Effects of Global Warming

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Significant Impact of Global Warming
1. Global Warming
The term "global warming" is a specific example of the broader term 'Climate Change'. It can also refer to global cooling. In common usage, the term refers to recent warming and implies a human influence. The United Nations Framework Convention on Climate Change uses the term "Climate Change" for human-caused changes to the environment.
Carbon dioxide during the last 400,000 years and the rapid rise since the Industrial Revolution; changes in the Earth's orbit around the Sun, known as Milankovitch cycles, are believed to be the pacemaker of the 100,000 year ice age cycle. This attribution is clearest for the most recent 50 years. The recent warming is mainly attributable to elevated levels of greenhouse gases, supported by hypotheses to explain the observed increase in mean global temperature. One such hypothesis proposes that warming may be the result of increased solar radiation associated with greater numbers of sunspots.
Climate change refers to the variation in the Earth's global climate or in regional climates over time. It describes changes in the variability or average state of the atmosphere over time scales ranging from decades to millions of years. These changes can be caused by processes internal to the Earth, external forces (e.g. variations in sunlight intensity) or, more recently, human activities.
2. Climate Change
Glaciers are recognized as one of the most sensitive indicators of climate change, advancing substantially during climate cooling and retreating during climate warming on moderate time scales. Glaciers grow and collapse, both contributing to natural variability and greatly amplifying externally-forced changes.
For the last century, however, glaciers have been unable to regenerate enough ice during the winters to make up for the ice lost during the summer months. The most significant climate processes of the last several million years are the glacial and interglacial cycles of the present ice age.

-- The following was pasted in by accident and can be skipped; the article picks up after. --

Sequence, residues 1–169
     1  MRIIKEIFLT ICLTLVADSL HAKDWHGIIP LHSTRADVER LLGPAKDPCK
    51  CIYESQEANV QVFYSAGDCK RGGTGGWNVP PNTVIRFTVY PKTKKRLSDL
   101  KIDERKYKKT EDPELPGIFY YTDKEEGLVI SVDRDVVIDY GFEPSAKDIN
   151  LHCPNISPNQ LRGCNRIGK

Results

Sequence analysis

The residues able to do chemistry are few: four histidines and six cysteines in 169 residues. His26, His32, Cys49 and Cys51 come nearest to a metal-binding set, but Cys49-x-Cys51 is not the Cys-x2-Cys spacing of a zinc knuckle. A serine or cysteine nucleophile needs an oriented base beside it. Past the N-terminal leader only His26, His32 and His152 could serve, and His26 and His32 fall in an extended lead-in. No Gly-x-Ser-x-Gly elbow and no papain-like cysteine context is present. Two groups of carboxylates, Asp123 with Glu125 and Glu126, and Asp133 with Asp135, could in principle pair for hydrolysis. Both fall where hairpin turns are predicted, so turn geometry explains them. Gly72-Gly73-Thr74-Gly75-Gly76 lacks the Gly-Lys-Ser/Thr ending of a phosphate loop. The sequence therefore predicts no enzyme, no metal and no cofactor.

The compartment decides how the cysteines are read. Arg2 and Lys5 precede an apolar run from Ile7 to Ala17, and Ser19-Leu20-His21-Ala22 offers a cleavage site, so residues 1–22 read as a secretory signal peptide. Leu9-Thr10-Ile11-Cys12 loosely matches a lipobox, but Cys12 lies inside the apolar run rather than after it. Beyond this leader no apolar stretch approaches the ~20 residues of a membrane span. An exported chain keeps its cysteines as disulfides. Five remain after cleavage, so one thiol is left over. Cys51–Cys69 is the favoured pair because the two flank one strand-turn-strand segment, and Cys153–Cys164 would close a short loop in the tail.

3. Ocean Catastrophe
Sea temperatures increase more slowly than those on land both because of the larger effective heat capacity of the oceans and because the ocean can lose heat by evaporation more readily than the land. Since the northern hemisphere has more land mass than the southern it warms faster; also there are extensive areas of seasonal snow cover subject to the snow-albedo feedback. Although
more greenhouse gases are emitted in the northern than southern hemisphere this does not contribute to the asymmetry of warming as the major gases are essentially well-mixed between hemispheres.
4. Arctic Survival - Polar Bear
The plight of the bears was highlighted as the prospect of a gloomy future emerged from leaks of the most comprehensive report into global warming yet undertaken, which is to be published on Friday. Concluding that it is "highly likely" that mankind is to blame for climate change, it talks of more droughts, torrential rains, shrinking Arctic ice and glaciers, and rising sea levels for the next century. And it warns that the effects of a build-up of greenhouse gases in the atmosphere will last far longer. Studies of polar bears have revealed that not only have their numbers declined by nearly one quarter in just 20 years to around 25,000 but so has their physique.
Common Sense Solutions
Fuel-efficient vehicles Renewable energy Protecting threatened forests We just need to insist that businesses and government take the necessary steps to make these available and affordable.
This eBook is designed to create awareness on global warming. The eBook not only describes the causes but also suggests simple and economic ways to overcome the issue of global warming. We hope you like this eBook.